I have been doing some “outside of the box” thinking about hunting knife design. If you can put up with some background history of how I got to this way of thinking, I would like to explain my thoughts and ask for some opinions from some of the experienced hunters here. I may be way off base with my thoughts, or I may be on to something.
I have been making knives as a hobby for over 20 years and have been fortunate enough to use some of them on deer. As I use them I evaluate how they perform and then I go and tweak the design, or I then try something totally different.
Now I realize that just about any knife would work for field dressing and skinning a deer. You could even use a strait razor or box knife in a pinch. However the modern drop point skinner works very well for it's intended purpose. It does not work well for boning or butchering though, and most of the time is spent in the boning and butchering process. The field dressing and skinning can be done very quickly (just search You Tube) and hardly any mention is ever given to the boning knife. My thought is that there has to be a good design that works well for field dressing, skinning, boning and butchering a deer.
So let's start off with the first experience I had with processing an animal. My grandfather would use an Old Timer Sharp Finger for butchering cows. It did not hold a very good edge though. So I made my own version (the one below). The blade is four inches long by 1/8 inch thick and it is cut from a piece of one inch wide steel. It works well for skinning deer, but the swept up point kind of gets in the way for gutting and it's not too good for cutting around the anus. It is still very popular though and many people ask me to make them one, but it is just not my preference.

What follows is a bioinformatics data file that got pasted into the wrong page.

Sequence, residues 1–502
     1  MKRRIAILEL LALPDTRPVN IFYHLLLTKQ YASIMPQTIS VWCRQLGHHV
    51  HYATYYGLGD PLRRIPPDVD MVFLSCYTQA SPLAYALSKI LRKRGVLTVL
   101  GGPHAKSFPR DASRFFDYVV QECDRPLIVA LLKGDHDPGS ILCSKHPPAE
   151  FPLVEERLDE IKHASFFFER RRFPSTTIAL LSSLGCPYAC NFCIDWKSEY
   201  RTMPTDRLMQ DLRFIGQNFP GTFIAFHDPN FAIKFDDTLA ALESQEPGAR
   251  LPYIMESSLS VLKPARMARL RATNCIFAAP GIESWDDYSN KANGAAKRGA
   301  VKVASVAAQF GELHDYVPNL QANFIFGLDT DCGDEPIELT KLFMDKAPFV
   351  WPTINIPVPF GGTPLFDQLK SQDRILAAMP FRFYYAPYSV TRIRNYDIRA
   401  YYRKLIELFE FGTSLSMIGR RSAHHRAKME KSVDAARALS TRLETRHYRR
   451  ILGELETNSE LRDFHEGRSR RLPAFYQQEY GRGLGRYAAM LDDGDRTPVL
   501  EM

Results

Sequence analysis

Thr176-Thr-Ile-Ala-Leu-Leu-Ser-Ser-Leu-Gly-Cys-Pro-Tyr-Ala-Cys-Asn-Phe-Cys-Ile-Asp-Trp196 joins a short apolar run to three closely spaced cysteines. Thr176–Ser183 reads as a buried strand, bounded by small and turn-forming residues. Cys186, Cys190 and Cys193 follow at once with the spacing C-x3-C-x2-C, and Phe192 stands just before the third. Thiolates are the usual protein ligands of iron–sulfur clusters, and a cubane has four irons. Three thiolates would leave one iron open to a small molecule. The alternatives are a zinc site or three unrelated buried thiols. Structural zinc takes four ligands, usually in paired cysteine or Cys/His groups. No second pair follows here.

So then I tried a drop point blade. That is when I started noticing that the length to width ratio of the blade made a difference. For instance, I found that if a blade was under 3.5 inches and was an inch wide, I still felt as if I had control of the blade. With my for finger behind the spine of the knife, I could use the back of my hand and finger to push the stomach down and out of the way while opening a deer up. If the blade was any longer though, it felt like it was hard to control and was much more difficult to use. If the blade was ½ inch or less wide it could be four to five inches long and I could still pull up on the hide and slide the knife between the stomach and hide without having to push the stomach out of the way. The wide blades are also more difficult to make those sharp turns with, such as around the anus. The knife blade below was 4 inches long by 1 inch wide and a little too long for it's width. At least for my liking.
I originally made the knife below as a “bird and trout” knife, but I found it to be a great design for field dressing deer. It worked well for skinning as well. It is narrow enough to be maneuverable and the length wasn't too short. The only complaint was that it didn't work for boning or butchering. The blade was 1/8 of an inch thick so it was very stout.
The knife shown below was my last knife to finish. I used it on this year's deer. It worked quite well, but it is not my final revision. The blade is 1/16" thick by four inches long and had a fair amount of flex. It was a little too stiff and short for filleting some of the silver skin off of the larger cuts of meat. The blade shape worked quite well for skinning. The up-swept point wasn't too dramatic for gutting, but I did have to be extra careful not to puncture anything that I would regret. When opening up the hide on the legs, the point dug into the calf meat, but that is all hamburger anyways so I wasn't too concerned.
I guess I can only have four images per post, so I will have to show you my latest design in another posting.